Many business owners are unaware that employee theft insurance is an additional insurance policy rider, and that standard business insurance policies generally do not cover dishonest employee acts.
Employee theft insurance is labeled differently by insurance providers. For example, it might be called “Fidelity Insurance or Bond,” “Theft Insurance,” “Employee Dishonesty Insurance,” “Crime Fidelity Coverage,” or “Commercial Crime Policy.” It is a business owner’s responsibility to ensure that their business is covered, regardless of what an insurance provider calls it. This insurance is essential and relatively inexpensive.
Consider two cases in which the victim companies had employee theft insurance. In the first case, the victim company was grossly underinsured. In the second case, the policy failed to cover the cost of the forensic investigation and associated legal fees. Most forensic investigations exceed $10,000, and most thefts significantly exceed that amount.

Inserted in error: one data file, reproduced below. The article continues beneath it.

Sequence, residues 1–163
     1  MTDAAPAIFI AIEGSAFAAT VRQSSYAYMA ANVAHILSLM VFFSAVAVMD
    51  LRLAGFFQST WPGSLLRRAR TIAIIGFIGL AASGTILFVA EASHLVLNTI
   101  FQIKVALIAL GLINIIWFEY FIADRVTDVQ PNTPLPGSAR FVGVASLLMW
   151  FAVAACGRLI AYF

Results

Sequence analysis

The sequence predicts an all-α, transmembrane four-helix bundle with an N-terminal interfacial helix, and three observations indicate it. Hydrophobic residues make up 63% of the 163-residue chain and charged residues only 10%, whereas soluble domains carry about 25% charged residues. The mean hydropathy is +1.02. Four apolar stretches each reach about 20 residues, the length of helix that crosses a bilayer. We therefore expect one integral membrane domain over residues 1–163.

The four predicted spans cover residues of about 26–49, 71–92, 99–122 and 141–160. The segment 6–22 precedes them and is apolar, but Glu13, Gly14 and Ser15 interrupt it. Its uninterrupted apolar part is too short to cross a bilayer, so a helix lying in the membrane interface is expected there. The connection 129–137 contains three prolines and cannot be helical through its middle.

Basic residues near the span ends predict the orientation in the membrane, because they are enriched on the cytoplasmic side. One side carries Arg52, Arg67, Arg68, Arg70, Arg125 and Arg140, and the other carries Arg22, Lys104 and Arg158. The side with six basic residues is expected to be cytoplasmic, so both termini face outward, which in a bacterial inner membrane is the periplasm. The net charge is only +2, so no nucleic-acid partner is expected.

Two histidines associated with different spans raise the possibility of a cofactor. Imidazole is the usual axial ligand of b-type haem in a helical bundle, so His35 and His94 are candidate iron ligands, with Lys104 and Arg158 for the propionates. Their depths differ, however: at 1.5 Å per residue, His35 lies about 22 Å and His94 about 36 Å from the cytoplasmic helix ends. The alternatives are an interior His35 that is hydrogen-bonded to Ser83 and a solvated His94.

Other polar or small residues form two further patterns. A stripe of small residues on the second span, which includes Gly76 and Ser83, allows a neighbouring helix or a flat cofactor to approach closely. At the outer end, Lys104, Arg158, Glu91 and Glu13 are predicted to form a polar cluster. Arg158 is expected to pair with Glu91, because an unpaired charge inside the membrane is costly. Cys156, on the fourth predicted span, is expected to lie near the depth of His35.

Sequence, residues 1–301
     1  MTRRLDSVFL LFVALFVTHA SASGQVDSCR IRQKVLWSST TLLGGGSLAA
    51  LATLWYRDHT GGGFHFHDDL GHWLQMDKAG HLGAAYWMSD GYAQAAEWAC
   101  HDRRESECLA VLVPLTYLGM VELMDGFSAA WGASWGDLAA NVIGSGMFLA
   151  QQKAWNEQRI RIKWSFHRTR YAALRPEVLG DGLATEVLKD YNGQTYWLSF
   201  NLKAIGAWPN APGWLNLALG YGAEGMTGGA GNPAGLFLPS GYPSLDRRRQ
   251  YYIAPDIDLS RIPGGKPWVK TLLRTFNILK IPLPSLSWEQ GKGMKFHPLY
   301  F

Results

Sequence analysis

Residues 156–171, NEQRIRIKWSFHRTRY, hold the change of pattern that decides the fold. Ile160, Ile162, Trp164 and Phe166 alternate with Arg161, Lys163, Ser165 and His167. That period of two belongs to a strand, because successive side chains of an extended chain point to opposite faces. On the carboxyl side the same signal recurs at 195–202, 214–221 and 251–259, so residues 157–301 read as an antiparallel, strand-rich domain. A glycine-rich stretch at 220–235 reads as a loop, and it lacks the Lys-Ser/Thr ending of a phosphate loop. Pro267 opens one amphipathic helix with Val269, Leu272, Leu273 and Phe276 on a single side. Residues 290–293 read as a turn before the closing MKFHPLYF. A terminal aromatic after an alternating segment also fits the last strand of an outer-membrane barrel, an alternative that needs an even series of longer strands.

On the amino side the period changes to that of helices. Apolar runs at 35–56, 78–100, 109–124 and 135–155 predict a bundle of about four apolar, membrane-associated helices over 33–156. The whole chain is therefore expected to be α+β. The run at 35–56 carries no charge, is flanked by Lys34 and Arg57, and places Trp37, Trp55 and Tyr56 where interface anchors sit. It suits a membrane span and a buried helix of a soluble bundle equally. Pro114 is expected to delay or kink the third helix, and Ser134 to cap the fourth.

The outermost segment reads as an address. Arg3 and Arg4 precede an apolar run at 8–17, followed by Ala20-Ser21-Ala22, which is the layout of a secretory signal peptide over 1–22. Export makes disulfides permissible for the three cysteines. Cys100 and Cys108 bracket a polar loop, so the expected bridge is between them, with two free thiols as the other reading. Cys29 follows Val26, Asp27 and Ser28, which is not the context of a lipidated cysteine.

An employee theft policy may state a loss limit, a per employee limit, or even a per position limit. We recommend that, at a minimum, an employee theft insurance policy cover unauthorized acts committed by current and former employees for forgery, alteration, computer fraud, credit card fraud, and/or electronic fund transfers fraud.
The appropriate amount of employee theft insurance coverage is dependent on the unique facts and circumstances of each business. Generally, the associated insurance premium increases with the amount of coverage.
Unfortunately, employee theft occurs on a regular basis. Employee theft insurance helps protect a business in the event of this unforeseen, and unfortunate, circumstance.
Do you want to know more about protecting your business? Contact Matt Barberich who specializes in fraud and forensic accounting at 816-743-7700.